The Kia Telluride, Ford Explorer and Mazda CX-9 are elegant, three-row SUVs priced $10,000-$20,000 below the XT6 while sporting standard electronic features once exclusive to luxury.

Like the Audi Q7, the XT6 stands out in segment for its bold styling next to curvier BMWs and Merc. With its chiseled edges and rich, vertical LED-taillight piping, the Cadillac deserves a spot in Cranbrook’s sculpture garden.

But mainstreamers are cracking the style code.

At $49,000 the Mazda CX-9 Signature may be the best-looking three-row ute, period. And the Kia Telluride has gone and lifted Cadillac’s design cues — LED-infused vertical lights, sculpted face, headlights pushed to the corners. Then Kia really gets cheeky.

With a leather interior right out of Ethan Allen, the all-wheel drive Kia Sport trim options the same standard sunroof and safety-assist systems as my favorite XT6 Sport trim for $20,000 less. Ouch.

What’s more, the Kia also standardizes adaptive cruise-control, a must-have safety-assist feature (just ask Mrs. Payne, who won’t go near a car without adaptive cruise-control and all-wheel drive) for which the Caddy curiously charges extra.

This from a brand that boasts autodom’s best autonomous drive system, Super Cruise. Adaptive cruise-control is the stepping stone to Level 2 autonomy with its ability to gap traffic on tiring highways trips — a welcome buffer for distracted family drivers.

Elsewhere, the XT6 polishes details you expect from luxury models — like a hydrophobic coating that keeps the rear camera free of mud and spotting. Or a single-button-push self-park system that enables the big ute to squeeze itself into tight downtown, parallel spots. Though once again, Ford’s Explorer turns similar tricks. It’s not easy justifying three-row luxe.

What is easy is going fast in the XT6 Sport, my favorite trim.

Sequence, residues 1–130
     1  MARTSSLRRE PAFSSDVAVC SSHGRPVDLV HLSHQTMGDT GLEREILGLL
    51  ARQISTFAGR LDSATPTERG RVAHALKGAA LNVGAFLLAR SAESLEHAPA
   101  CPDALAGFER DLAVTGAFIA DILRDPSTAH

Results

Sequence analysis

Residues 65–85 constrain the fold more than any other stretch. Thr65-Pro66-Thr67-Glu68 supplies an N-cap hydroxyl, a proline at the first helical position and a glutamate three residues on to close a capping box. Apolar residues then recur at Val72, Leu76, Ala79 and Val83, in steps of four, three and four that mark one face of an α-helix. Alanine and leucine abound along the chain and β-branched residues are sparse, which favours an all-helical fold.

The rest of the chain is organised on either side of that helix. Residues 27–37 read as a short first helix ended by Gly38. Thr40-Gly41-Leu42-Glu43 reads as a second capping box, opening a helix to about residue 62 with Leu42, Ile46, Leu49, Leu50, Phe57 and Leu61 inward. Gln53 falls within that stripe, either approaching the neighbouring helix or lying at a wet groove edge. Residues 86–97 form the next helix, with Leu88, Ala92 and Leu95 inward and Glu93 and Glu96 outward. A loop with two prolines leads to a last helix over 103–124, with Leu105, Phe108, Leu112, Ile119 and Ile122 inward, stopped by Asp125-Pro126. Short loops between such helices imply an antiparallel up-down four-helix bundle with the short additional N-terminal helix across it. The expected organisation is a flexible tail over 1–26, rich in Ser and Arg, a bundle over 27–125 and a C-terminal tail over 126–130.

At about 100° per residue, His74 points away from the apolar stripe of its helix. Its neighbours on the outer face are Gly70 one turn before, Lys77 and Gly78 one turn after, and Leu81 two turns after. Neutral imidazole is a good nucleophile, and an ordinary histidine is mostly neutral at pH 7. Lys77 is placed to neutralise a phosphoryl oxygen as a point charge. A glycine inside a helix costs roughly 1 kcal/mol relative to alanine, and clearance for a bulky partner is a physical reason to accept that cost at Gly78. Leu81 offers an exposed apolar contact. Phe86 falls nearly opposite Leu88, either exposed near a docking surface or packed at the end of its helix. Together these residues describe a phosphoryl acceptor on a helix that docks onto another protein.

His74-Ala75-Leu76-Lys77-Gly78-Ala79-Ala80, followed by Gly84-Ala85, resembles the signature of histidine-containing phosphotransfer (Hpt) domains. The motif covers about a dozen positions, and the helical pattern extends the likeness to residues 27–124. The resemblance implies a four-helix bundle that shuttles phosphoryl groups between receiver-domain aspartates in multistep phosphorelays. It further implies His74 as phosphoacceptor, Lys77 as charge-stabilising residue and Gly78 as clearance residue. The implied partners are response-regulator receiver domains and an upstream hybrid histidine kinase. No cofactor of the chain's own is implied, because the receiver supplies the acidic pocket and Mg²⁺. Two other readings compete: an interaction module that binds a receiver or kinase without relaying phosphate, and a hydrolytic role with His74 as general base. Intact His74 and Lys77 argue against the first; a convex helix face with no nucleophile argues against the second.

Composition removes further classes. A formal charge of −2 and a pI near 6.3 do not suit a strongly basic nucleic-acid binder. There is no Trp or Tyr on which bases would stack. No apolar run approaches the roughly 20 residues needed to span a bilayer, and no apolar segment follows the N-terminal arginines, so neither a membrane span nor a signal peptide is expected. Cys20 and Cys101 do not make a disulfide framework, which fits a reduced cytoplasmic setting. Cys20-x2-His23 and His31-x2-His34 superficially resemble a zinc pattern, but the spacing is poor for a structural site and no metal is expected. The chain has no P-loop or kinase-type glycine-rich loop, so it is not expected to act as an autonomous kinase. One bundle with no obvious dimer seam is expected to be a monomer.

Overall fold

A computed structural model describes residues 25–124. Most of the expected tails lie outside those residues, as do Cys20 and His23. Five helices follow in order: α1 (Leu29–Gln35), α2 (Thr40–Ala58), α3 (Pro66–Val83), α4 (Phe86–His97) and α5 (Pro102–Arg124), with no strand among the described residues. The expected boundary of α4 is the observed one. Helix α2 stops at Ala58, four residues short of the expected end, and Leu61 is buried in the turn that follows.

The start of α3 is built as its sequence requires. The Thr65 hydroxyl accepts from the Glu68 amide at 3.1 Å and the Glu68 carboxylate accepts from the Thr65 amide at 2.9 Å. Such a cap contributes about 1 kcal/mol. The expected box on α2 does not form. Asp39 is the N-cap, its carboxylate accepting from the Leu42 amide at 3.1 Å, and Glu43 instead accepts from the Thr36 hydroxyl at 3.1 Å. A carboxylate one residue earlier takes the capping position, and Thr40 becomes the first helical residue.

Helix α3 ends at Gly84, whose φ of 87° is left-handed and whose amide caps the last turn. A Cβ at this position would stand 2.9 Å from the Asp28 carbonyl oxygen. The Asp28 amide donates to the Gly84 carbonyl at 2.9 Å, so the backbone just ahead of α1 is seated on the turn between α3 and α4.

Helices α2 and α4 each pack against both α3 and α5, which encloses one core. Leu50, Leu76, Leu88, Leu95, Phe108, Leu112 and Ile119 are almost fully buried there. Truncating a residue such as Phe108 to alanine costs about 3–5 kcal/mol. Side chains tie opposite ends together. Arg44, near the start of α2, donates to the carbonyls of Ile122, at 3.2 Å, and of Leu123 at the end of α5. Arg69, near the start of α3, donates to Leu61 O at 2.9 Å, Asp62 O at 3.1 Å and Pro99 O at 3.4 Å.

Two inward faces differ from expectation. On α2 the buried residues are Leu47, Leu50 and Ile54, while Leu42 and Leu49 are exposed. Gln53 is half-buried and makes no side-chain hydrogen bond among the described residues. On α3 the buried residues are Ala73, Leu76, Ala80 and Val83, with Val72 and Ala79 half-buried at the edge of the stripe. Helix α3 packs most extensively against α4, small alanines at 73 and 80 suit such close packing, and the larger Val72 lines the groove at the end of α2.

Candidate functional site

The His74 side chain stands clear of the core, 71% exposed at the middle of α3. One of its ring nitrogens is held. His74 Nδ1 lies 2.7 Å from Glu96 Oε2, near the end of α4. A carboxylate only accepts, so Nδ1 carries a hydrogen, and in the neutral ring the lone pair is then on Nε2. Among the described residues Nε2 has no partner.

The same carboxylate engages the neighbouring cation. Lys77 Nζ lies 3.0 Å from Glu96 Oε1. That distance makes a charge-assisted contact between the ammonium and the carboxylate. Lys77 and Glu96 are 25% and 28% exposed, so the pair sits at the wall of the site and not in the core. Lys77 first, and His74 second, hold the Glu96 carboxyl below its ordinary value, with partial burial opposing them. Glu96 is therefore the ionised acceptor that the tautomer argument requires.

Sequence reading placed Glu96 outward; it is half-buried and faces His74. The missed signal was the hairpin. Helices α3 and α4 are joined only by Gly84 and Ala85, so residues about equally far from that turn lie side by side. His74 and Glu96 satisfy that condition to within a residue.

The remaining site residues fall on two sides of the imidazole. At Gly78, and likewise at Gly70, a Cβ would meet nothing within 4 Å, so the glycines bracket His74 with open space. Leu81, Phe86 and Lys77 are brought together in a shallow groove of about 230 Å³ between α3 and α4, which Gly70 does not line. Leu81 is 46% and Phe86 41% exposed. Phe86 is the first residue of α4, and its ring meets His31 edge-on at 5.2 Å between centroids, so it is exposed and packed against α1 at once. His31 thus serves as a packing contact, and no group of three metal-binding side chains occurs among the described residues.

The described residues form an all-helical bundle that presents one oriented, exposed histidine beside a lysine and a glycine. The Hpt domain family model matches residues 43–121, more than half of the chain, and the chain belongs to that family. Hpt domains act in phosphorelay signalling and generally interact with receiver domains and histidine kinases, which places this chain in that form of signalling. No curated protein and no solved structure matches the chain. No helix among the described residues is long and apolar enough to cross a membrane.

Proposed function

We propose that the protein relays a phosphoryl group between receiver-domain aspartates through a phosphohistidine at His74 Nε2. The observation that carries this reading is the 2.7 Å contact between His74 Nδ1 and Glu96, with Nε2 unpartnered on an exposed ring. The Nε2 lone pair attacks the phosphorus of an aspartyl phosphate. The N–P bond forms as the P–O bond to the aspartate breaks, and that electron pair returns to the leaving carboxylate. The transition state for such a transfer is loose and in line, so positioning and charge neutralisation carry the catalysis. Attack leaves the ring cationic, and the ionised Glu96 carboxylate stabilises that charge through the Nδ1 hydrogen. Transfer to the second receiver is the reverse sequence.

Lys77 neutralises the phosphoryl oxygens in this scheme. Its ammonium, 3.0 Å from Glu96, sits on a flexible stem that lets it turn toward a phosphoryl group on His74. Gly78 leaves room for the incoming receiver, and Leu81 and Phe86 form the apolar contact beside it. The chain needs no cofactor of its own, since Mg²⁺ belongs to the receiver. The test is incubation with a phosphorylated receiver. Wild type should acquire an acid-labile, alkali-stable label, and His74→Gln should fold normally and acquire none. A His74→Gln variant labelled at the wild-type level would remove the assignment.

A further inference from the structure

Echoing its exterior and interior simplicity (there’s a pattern here), Cadillac also makes it easy to shop using its so-called “Y strategy.” Take the fork in the road and you get chromed front-wheel drive Premium Luxury (all-wheel drive is optional) starting at $53,000 or an all-wheel drive black-mascara Sport for $57,000. Add tech packs for adaptive cruise-control and self-park.

The Sport option oozes talent to go with its looks. While the workhorse 310-horsepower V-6 is standard, the Sport gets adaptive dampers and rear twin-clutch pack for handling. Cadillac is keenly aware that — without a rear-drive platform in its lineup like BMW, Audi, Lincoln — it needs to up its athletic game.

With the ability to throw 100% of torque from one rear wheel to the other, the Cadillac rotates nicely through corners. Quick linebackers like the Dodge Durango SRT and Ford Explorer Sport have sold me on the idea of sporty utes. The XT6 is worthy.

When roads turn icy, the twin-clutch feature will continue to reward. Drop a wheel into a snow rut? The XT6 throws torque electronically to the other wheel and pulls the big ute out.

With a nod to its electric-car investments, Cadillac advertises its engine torque with a 400 alphanumeric (roughly the Newton-meter number) on the rear quarters — but you won’t find any battery-hybrids in the XT6 lineup. Cadillac leaves that to Lexus and Lincoln.

For all its fine-art sculpting, the XT6 is an uncomplicated vehicle. Let Escalade do bling. The new three-row is humbly aimed at families who want reliable, roomy transportation.

There’s one engine choice. Two trim choices (OK, if you want some bling you can splurge on a Platinum package), one nine-speed transmission, 11 standard features.

Cadillac’s brand challenge is whether its original artwork justifies its price tag over the mainstream SUV bargain prints at the frame shop next door.

2020 Cadillac XT6

Vehicle type: Front-engine, front- and all-wheel drive, 7- or 8-passenger SUV

Price: Base price $53,690 including $995 destination charge ($65,940 Sport as tested)

Powerplant: 3.6-liter V-6

Power: 310 horsepower, 271 pound-feet of torque

Transmission: 9-speed automatic

Performance: 0-60 mph (NA); maximum towing, 4,000 pounds

Weight: 4,441 pounds base (4,690 Sport as tested)

Fuel economy: EPA: 17 city/24 highway/20 combined

Report card

Highs: Sculpted exterior; user-friendly infotainment

Lows: Lacks standard features of vehicles $20,000 cheaper; gets pricey

Overall: 3 stars